Further, while momentarily choked, there are chances that the farm-to-fork model will only grow in such times, cutting out the unnecessary job of middlemen and their profits. The prime minister Narendra Modi has also directed states to incentivise the farmers for direct marketing of farm produce.
As the cost-cutting is happening all around, direct selling in agritech could become the new reality soon where farmers will be directly able sell their products to the consumers. However, this may take some time considering the state of awareness of the agricultural industry at large and the lack of a viable supply chain for such consumer demands, which doesn’t involve middlemen or other moving parts.
Like it or not, changing and adapting to this new world is not a choice anymore.
Economic downturn curbs the competition and churns the market, and hence it would be beneficial to those startups that adapt quickly and weather the crisis. While such startups come out stronger and more resilient, less capable companies will end up shutting down.
Alibaba has published a report on Digital Action for entrepreneurs in the age of Covid-19 stating that its high time for entrepreneurs, startups to redefine their mission and vision separately. “Entrepreneurs need to ask themselves what is their core purpose and reason for existence changed in times of crisis. What then happens to the business model? Do the company structure and strategy need to be changed as well?”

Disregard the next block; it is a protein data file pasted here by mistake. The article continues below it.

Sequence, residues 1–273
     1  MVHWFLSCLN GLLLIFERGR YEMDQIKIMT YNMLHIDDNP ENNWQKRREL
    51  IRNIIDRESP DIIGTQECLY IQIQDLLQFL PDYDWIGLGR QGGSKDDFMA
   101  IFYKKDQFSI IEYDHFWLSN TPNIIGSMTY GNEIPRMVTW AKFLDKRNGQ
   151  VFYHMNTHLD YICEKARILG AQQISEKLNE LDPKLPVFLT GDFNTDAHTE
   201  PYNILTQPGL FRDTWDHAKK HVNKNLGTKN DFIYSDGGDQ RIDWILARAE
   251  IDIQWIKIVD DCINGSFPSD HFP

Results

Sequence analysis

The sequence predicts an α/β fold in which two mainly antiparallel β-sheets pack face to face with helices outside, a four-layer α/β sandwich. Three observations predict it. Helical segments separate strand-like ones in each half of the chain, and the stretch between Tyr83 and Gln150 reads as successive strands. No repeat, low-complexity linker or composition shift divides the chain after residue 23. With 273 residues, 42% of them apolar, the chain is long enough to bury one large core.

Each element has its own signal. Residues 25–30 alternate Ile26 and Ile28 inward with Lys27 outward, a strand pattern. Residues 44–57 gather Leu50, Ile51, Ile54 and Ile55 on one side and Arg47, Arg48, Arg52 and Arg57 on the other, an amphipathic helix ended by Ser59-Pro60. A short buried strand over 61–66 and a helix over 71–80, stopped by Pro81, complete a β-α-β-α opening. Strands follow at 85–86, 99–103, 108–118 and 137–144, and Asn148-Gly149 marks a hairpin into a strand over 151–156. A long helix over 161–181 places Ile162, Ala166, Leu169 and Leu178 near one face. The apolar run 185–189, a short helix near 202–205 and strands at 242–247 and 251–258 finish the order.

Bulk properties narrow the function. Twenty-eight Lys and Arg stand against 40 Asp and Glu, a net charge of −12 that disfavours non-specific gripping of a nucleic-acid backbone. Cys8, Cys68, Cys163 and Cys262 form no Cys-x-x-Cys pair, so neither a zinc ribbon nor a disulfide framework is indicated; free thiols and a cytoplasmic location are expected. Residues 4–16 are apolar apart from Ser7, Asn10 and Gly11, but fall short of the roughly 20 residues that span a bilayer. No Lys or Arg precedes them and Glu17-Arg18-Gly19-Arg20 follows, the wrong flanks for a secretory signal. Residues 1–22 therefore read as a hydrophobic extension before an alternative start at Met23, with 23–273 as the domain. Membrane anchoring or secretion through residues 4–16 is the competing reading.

Back to the ground reality. The human race was never equipped to fight a virus. It took world leaders like Trump and many others like UK prime minister Boris Johnson who himself has been in intensive care due to the coronavirus and most importantly the WHO more than three months since the spread, to accept that Covid-19 is a pandemic that needs out full attention.
Stanislaw Lem, the sci-fi author offers an explanation, which we have paraphrased.
“We arrive here as we are in reality, and when the page is turned and that reality is revealed to us — that part of which we would prefer to pass over in silence — then we don’t like it anymore.”